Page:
Jessica Damiano Jessica Damiano, Newsday columnist

Jessica Damiano is a master gardener and journalist with more than 25 years experience in radio, television, print

DEAR JESSICA: We have a problem with squirrels eating our figs. As soon as a fig is ripe, I go out the next day and it is gone. Do you have a suggestion to deter them? -- Zino Gabrielides, Oakland Gardens

DEAR ZINO: I feel your pain. For years I had a pear tree in front of my deck. And for years I stood by helplessly as squirrels removed all my pears, one by one, took a single bite of each and lined them up on my deck railing, as if to taunt me. I wouldn't have minded sharing if they would have taken a few and consumed them completely, but they stripped the branches bare and merely nibbled each, like toddlers with a box of chocolate.

I tried everything: wrapping the trunk and deck railing in crinkled aluminum foil to prevent climbing, and hanging wads of human hair from the branches. Both were ugly -- and ineffective. I actually removed the tree last month.

Gardening 101

Covering my pear tree with polypropylene bird netting was impractical because of its size, but if your fig tree is small or growing in a bushy habit, you should be able to cover it fairly easily. However, it's possible squirrels may gnaw through the netting to reach your figs. Some growers recommend providing easily accessible dishes of dried cord nearby, as your visitors might opt for the snack of least resistance and leave your precious figs alone. My concern, however, is that could encourage more squirrels to visit.

Aside from that, the best you can do is clear the garden of plant debris, weeds, grass clippings and stacked wood, etc., that might be attracting and providing safe cover for visiting squirrels. And maybe get a dog.

DEAR JESSICA: I remember you listed a treatment for black spot on roses that I hadn't heard of before, but I cannot put my hands on your column despite looking everywhere. Would you mind letting me know what that black spot treatment was? It sounded a little more environmentally friendly than most of the stuff sold at garden centers. -- Marci Wickesser, Centerport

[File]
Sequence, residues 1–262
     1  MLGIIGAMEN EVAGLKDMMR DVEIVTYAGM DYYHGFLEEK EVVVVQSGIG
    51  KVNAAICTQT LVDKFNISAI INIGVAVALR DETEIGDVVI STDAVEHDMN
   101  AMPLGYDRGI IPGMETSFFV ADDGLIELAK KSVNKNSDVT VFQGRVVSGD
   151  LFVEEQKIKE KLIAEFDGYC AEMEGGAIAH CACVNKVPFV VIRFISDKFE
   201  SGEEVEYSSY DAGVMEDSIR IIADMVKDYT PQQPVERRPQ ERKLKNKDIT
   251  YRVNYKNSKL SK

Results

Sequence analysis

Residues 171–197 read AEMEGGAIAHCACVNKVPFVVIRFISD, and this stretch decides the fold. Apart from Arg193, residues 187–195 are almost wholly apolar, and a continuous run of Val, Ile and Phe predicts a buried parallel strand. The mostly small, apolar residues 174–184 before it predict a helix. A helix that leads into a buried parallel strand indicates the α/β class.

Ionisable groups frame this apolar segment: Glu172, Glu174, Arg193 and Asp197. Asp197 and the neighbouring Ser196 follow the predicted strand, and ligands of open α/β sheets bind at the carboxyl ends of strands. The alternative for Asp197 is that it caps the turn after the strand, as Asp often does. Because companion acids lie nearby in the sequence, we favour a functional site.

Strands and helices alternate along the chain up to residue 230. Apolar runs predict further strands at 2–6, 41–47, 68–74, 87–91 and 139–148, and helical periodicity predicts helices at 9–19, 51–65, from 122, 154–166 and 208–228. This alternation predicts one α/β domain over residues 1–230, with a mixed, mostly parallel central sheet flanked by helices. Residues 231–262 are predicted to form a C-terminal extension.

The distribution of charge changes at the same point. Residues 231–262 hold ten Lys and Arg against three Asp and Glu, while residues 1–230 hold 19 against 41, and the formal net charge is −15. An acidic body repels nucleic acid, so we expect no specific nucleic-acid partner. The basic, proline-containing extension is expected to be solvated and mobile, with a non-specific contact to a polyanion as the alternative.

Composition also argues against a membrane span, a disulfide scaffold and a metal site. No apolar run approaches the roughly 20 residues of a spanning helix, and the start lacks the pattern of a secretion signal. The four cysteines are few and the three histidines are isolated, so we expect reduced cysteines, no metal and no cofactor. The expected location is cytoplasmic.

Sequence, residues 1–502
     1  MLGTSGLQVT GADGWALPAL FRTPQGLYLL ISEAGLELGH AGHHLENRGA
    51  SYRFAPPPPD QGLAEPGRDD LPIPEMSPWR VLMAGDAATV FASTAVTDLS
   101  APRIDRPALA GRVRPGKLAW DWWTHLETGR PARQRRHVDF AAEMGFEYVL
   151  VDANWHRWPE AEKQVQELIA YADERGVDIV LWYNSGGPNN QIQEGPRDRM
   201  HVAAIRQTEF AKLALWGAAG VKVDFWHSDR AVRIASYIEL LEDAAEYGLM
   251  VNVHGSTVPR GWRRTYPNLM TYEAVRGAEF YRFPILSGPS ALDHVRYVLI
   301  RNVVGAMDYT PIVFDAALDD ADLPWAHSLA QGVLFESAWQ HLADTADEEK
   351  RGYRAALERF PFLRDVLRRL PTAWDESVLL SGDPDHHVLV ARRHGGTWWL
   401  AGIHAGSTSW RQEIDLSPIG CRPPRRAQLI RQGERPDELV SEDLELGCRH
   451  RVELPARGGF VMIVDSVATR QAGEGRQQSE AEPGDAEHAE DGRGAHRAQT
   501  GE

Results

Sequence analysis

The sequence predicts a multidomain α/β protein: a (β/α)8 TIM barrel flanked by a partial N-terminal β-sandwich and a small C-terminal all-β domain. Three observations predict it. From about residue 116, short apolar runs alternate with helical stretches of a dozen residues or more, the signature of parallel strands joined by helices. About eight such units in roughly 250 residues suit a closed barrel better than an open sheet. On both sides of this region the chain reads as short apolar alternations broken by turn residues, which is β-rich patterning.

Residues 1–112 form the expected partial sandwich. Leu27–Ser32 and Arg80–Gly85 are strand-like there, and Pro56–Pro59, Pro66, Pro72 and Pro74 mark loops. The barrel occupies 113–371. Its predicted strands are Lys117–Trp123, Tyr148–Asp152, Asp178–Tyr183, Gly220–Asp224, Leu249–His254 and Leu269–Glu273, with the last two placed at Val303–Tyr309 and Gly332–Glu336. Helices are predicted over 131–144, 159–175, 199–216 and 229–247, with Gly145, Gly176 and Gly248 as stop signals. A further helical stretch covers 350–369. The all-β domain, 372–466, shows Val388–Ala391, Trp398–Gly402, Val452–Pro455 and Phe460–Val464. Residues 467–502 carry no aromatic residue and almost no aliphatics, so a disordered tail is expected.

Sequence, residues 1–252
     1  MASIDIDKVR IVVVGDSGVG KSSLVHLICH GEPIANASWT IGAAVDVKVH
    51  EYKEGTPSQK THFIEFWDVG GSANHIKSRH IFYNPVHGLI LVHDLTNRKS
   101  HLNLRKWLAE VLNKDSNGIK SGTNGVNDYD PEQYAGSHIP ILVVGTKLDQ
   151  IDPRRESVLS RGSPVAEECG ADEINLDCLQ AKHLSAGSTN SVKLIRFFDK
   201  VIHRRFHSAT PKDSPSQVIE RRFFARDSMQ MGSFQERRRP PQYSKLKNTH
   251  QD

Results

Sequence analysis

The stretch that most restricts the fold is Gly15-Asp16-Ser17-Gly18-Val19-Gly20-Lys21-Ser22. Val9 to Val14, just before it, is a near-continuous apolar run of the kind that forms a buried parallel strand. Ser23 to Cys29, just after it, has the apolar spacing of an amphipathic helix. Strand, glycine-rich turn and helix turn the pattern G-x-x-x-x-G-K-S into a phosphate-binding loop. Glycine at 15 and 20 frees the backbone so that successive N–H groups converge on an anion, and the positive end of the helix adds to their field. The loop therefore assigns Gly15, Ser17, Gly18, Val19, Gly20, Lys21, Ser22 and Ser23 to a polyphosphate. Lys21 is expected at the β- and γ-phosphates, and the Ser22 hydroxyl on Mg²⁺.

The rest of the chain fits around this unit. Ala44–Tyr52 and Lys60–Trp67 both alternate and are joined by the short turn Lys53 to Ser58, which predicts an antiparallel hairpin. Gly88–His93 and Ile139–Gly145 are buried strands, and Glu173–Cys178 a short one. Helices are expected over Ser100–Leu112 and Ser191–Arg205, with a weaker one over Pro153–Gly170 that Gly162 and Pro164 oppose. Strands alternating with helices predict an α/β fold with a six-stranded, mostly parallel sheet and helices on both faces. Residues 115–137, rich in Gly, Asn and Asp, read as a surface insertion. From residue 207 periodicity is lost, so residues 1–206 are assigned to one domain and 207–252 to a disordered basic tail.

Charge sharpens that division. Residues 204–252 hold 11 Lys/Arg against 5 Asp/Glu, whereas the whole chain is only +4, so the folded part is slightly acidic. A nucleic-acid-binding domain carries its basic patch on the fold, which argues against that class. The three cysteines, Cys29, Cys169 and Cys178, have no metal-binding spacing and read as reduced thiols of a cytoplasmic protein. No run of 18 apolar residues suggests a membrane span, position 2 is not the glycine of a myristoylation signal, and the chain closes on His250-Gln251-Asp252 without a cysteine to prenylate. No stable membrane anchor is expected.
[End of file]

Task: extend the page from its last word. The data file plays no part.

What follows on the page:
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DEAR MARCI: Black spot disease, caused by the fungus Diplocarpon rosae, can be devastating to roses. Left unchecked, blooms are diminished and plants are severely weakened, making them more susceptible to winter injury and other diseases and pests.

Prune away all infected branches and dispose of them properly. Be sure to rake well and discard all leaves and debris in sealed trash bags; allowing them to remain on the soil will lead to reinfection. Remove infected leaves (avoid doing so when the weather is humid, as moisture will facilitate the spread of spores when plants are disturbed).

Black spot is a fungal disease that can be devastating - and fatal - to roses. Photo Credit: Missouri Botanical Garden

There are many fungicides indicated for the prevention and treatment of black spot. Among the most environmentally friendly are Neem oil (applied every 7-14 days) and copper fungicides. Apply after cleaning plants when you first notice symptoms, and take care to follow package directions carefully.

In addition, as I noted in my June gardening calendar, spraying a solution of one tablespoon each of baking soda and ultrafine horticultural oil diluted in a gallon of water is an effective preventative for black spot and other fungal and mildew diseases. Don't be tempted to use more baking soda than recommended, because its salt content can injure plants if overused.

Planting onions or tomatoes near roses also will help discourage black spot fungal infections. Good cultural practices can go a long way, too: Space plants sufficiently to allow light and air circulation to reach the inner branches. Water deeply only once a week (less during rainy periods) using a soaker hose, which directs water straight to roots and keeps foliage dry (overhead sprinklers and other methods that wet leaves encourage the growth of fungal diseases such as powdery mildew, in addition to black spot).

DEAR JESSICA: After years of being highly productive, our fig tree did not produce fruit after the harsh winter of 2014. This year we thought it died, but there are small shoots growing out from the bottom. Should we cut away the dead branches? -- Anne Hayden, Lynbrook

DEAR ANNE: You should cut away all dead wood, but first cut into one of the branches to ensure the inside is dry and brittle (dead) and not fresh and green (just slow to break dormancy).

The tree may not produce edible fruit this year, but should resume vigor with time.